- OLED Lighting
- SSL Lighting
- DOE Office of Science
- LED Lighting
DOE Announces Recipients of SBIR-STTR Phase I Grants for 2017
The Department of Energy’s (DOE’s) Office of Science recently awarded four Small Business Innovation Research (SBIR) grants and one Small Business Technology Transfer (STTR) grant for innovation in solid-state lighting (SSL) technology. The grants are aimed at helping the lighting industry reach performance and cost goals, as specified in the DOE's SSL R&D Plan. First published in 2015, the SSL R&D Plan combined the DOE’s previously published Multi-Year Program Plan (MYPP) and SSL Manufacturing Roadmap. The SSL R&D Plan provides direction and goals for LEDs and OLEDs through 2030, with the aim of increasing energy savings.
What Are the SBIR-STTR Programs?
The DOE is one of eleven federal agencies that offer SBIR-STTR programs enacted under the Small Business Innovation Development Act of 1982. The programs work to increase technology innovation to address specific scientific and engineering challenges. The DOE’s SBIR Program aims to stimulate technological innovation, use small businesses to help meet federal R&D needs, and increase the participation of groups traditionally less represented, such as women and the socially and economically underprivileged. The STTR Program focuses on stimulating scientific and technological innovation and to nurture technology cooperation between small businesses and research institutions.
The SBIR-STTR programs supply funding for Phase I and Phase II projects twice each fiscal year, and for-profit US businesses with 500 or fewer employees are eligible to apply for the grants. Phase I recipients are awarded up to $150,000 for 6 months, and Phase II recipients are awarded funding based on Phase I results and generally do not exceed $1,000,000 for 2 years.
The FY2017 Phase I grants were awarded to Pixelligent Technology, Lumisyn, OLEDWorks, SC Solutions, and MicroLink Devices. The lone STTR grant, awarded to MicroLink Devices, is for a joint project between the company and the National Renewable Energy Laboratory to improve the performance of phosphide-based red and amber LEDs. This project aims to improve adoption of red and amber LEDs by allowing for integration with existing device designs and manufacturing processes.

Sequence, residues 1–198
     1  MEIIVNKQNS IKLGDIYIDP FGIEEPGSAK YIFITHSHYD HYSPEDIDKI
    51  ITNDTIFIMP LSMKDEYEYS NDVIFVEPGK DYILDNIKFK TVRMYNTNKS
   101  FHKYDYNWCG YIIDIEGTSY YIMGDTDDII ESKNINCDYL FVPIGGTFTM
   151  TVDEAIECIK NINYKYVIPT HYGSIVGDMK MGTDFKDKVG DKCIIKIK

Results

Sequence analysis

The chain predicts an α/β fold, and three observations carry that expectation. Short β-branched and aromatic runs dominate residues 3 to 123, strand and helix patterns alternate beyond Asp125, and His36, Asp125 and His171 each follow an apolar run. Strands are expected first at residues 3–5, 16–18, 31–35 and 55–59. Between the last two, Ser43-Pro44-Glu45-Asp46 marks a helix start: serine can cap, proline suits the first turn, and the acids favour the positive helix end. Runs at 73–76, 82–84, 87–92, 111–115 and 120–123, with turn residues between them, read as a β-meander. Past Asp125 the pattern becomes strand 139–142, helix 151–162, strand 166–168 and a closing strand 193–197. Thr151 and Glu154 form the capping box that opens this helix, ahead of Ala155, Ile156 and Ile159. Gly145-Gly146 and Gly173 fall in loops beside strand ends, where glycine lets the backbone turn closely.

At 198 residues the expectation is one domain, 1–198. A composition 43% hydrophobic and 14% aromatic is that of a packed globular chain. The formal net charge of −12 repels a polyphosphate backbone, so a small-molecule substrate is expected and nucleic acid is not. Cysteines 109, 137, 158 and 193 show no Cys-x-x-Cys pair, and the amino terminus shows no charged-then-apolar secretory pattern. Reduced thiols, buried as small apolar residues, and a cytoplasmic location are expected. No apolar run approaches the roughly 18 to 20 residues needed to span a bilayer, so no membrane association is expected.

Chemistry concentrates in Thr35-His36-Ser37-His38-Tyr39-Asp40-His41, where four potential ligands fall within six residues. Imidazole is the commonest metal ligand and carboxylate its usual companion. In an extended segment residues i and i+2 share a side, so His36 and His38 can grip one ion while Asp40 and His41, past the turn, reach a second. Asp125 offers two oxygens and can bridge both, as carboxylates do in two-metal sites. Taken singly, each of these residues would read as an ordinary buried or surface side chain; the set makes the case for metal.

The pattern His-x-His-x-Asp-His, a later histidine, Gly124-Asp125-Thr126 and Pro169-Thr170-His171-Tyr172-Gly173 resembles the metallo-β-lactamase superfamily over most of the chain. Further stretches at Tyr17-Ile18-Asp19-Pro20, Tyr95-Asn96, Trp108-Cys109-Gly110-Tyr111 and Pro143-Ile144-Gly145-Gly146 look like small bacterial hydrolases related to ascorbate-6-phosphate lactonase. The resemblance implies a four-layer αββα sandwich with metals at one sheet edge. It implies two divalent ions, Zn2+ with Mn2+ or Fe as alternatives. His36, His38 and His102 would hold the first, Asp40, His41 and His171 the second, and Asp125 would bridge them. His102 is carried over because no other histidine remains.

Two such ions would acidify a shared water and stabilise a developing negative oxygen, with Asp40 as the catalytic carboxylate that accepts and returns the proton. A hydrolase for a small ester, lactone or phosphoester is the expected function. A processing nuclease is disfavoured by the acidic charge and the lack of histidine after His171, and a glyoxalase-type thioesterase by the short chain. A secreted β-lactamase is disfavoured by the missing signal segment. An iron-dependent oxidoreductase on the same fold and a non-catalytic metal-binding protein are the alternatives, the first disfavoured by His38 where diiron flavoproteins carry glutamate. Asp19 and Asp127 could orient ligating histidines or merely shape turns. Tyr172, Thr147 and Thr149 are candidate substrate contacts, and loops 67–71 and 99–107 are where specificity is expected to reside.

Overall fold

Two of the SBIR grants, awarded to Lumisyn and SC Solutions, focus on LEDs. Lumisyn is working to increase the performance of nanocrystal-based silicones; the project will focus on properties of blue LEDs to produce white light. SC Solutions is poised to work on new heating techniques in metal-organic chemical-vapor deposition. The technique will reduce the need for binning in LED manufacturing and decrease the technology’s cost.
The remaining two SBIR grants, awarded to Pixelligent Technology and OLEDWroks, are for OLED technology. Pixelligent’s grant project will focus on improving the light extraction of OLED products by integrating a high refractive index extraction layer in the OLED material stack. This layer will provide enhanced light output, increase efficacy, and extend the lifetime of the product. OLEDWorks will work to reduce manufacturing costs in the hopes of making OLEDs more attractive for general lighting applications through its grant project. Based on the success of these projects in Phase I, companies could be awarded additional funding for further work on their projects.
Incorporating the R&D efforts of private organizations to help meet federal goals, as the DOE does through the SBIR-STTR programs, can further the overall success of SSL and increase market adoption of these products. Guidehouse Insights projects increased adoption of LED and OLED technologies, and grants such as these will assist with growing the market of SSL products within the lighting industry.